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October 9, 1969


28 Mott St. Co. v. Summit Import Corp., 59 Misc. 2d 459, reversed.

Concur -- Markowitz, J. P., Hofstadter and Gold, JJ.

Author: Per Curiam

 This is a holdover proceeding involving commercial premises, instituted in 1968 after service of the 30 days' notice required by section 232-a of the Real Property Law. The parties intended to enter into a written lease for one half of the building for 10 years commencing September 1, 1963, at a fixed annual rent representing one half of the annual carrying charges for the building. Tenant was permitted to take possession but, due to a dispute regarding a subordination clause, the lease was never executed. No oral agreement or lease for any period was subsequently made, tenant simply continuing in occupancy, paying, and landlord accepting, the rental provided in the lease.

The court below found that the original letting did not constitute an oral agreement for one month, as contended by landlord, or a 10-year oral lease, as contended by tenant, and that the doctrine of equitable estoppel could not be invoked. These findings are affirmed.

The court, however, concluded that tenant was in possession of the premises as a tenant from year to year and was entitled to six months' notice of termination before the end of any recurring year, citing Pugsley v. Aikin (11 N. Y. 494); (see, also, 2 Rasch, Landlord and Tenant and Summary Proceeding, § 1053). The petition was dismissed for lack of proper notice. We reverse this finding and determination in light of the impact of section 232-c of the Real Property Law (eff. Sept. 1, 1959).

Section 232-c was plainly intended to eliminate as to all tenancies the common-law rule that a holdover tenant may be held as a tenant for a new term. At common law, by operation of law, if the

    --> previous term was for a year or more the new tenancy created by holding over was for one year, and if the previous term was for a period less than a year, the new holdover term was for an equal period. The statute states in the broadest possible terms that it is applicable to a tenant "whose term is longer than one month". Obviously, a tenant for one month holding over could be held only to a monthly tenancy. As to all other holdover tenants, the statute provides that "unless an agreement either express or implied is made providing otherwise, the tenancy created by the acceptance of such rent shall be a tenancy from month to month".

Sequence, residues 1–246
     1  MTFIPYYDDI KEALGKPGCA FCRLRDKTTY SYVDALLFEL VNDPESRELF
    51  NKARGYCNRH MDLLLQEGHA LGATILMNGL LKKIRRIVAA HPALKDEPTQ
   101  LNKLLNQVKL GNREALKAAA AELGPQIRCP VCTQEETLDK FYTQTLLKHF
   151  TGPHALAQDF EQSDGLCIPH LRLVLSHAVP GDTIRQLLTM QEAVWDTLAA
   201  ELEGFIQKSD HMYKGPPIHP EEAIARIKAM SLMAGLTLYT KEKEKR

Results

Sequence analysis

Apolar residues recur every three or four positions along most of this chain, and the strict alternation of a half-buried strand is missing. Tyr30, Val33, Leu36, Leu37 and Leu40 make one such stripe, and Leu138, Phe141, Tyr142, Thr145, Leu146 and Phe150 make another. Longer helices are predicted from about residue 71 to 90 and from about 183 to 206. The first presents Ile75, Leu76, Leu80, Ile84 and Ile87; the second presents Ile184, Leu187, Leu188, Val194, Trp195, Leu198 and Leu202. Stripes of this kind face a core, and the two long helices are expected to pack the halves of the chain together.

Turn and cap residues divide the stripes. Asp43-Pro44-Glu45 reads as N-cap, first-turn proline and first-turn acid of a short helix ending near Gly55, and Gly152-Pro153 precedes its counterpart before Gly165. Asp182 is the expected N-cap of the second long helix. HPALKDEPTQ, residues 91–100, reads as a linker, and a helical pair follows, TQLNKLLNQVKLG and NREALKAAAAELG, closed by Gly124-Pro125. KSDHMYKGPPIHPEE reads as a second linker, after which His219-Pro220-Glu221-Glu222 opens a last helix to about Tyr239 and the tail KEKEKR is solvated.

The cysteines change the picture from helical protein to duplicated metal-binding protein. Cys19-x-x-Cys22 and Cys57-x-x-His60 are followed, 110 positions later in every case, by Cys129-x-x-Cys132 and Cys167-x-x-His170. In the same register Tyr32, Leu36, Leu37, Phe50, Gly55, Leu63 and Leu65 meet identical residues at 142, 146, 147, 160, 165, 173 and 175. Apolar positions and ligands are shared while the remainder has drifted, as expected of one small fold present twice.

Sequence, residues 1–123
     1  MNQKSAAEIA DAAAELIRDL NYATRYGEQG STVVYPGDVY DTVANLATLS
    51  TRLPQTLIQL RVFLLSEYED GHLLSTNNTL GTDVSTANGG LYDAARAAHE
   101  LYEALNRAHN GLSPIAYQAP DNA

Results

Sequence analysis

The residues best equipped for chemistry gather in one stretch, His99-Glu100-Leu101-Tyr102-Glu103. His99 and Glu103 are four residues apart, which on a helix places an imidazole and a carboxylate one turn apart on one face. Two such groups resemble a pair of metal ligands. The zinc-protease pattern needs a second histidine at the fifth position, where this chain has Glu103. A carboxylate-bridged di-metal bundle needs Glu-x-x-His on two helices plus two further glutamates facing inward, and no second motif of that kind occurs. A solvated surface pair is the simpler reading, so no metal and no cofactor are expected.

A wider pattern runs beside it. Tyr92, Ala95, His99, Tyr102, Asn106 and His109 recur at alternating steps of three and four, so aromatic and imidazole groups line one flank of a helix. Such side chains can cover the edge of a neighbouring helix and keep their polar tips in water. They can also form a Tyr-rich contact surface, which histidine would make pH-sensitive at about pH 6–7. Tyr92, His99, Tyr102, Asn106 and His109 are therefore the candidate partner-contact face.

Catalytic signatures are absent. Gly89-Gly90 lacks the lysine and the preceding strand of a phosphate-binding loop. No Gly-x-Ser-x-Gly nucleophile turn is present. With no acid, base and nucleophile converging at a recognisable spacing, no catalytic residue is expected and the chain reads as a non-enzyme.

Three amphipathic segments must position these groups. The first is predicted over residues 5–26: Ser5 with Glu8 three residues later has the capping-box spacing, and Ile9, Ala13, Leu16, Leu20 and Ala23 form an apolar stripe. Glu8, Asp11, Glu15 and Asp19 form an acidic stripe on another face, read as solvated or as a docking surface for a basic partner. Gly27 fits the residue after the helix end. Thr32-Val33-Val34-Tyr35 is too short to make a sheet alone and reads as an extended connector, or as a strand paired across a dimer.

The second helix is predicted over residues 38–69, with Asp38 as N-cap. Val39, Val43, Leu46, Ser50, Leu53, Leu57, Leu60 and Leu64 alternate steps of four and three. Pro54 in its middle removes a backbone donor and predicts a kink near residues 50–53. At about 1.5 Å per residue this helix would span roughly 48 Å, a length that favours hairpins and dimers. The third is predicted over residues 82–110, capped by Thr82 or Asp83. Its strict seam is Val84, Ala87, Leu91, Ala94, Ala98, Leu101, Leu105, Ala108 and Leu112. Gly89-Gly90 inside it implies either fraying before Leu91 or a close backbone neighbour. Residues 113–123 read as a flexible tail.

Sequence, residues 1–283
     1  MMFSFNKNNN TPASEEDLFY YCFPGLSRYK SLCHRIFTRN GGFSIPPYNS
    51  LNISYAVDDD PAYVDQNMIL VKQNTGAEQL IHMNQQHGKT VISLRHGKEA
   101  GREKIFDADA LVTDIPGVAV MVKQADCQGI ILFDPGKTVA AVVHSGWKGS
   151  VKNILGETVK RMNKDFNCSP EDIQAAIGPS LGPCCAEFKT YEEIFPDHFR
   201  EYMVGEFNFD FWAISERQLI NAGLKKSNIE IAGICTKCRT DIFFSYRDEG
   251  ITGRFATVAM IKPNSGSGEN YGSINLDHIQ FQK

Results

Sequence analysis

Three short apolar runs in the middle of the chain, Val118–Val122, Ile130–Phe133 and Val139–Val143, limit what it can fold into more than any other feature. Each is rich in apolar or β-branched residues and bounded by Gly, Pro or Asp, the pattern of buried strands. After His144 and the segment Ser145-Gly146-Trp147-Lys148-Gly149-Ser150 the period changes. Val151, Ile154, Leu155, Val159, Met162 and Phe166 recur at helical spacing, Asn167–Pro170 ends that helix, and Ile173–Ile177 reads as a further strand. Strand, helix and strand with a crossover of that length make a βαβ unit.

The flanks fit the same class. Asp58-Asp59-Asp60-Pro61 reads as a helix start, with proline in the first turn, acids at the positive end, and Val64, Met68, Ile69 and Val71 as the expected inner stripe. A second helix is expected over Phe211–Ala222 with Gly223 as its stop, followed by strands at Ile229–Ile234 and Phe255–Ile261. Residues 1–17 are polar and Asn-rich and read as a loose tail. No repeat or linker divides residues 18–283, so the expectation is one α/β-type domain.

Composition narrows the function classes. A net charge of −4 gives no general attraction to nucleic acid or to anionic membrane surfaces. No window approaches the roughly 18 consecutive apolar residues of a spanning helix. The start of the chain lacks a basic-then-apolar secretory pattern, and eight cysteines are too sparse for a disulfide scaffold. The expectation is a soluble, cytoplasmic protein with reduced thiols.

The Law Revision Commission (1959 Report, Recommendations and Studies, p. 139 et seq.) pointed out that, where no actual agreement with reference to the holdover period was made, there was no reason why this statute, abolishing the landlord's option to hold tenant for a new term, should provide for any tenancy implied as a matter of law solely by virtue of the tenant's holding over. However, payment and acceptance of rent from a holdover tenant involved conduct of both parties and called for some reasonable duration of tenancy to be implied from that circumstance. To remove uncertainty and accord with the parties' reasonable expectations, it was proposed that a month-to-month tenancy be deemed created, absent any contrary agreement extending the duration of the holdover tenancy beyond such a tenancy from month to month (see, also, Jaroslow v. Lehigh Val. R. R. Co., 23 N.Y.2d 991).

Here, the only inference to be drawn (Adams v. City of Cohoes, 127 N. Y. 175, 181) and to be implied from the circumstances (Talamo v. Spitzmiller, 120 N. Y. 37, 42) of payment and acceptance of rent on a yearly basis and continued occupancy for a year under the resulting informal oral agreement, is that a tenancy for one year, September 1, 1963 to August 31, 1964, the maximum period for a parol lease, had been created by operation of law.

No contrary agreement having been made, when tenant paid and defendant accepted the rent for September, 1964, the tenancy created by the acceptance of such rent "shall be a tenancy from month to month" (§ 232-c), no longer the tenancy from year to year implied at common law by operation of law.

Accordingly, landlord proceeded properly by the 30-day notice of section 232-a.

The final judgment should be reversed, with $30 costs, and final judgment directed in favor of landlord as prayed for in the petition, with costs.

Final judgment reversed, etc.


Final judgment reversed, etc.


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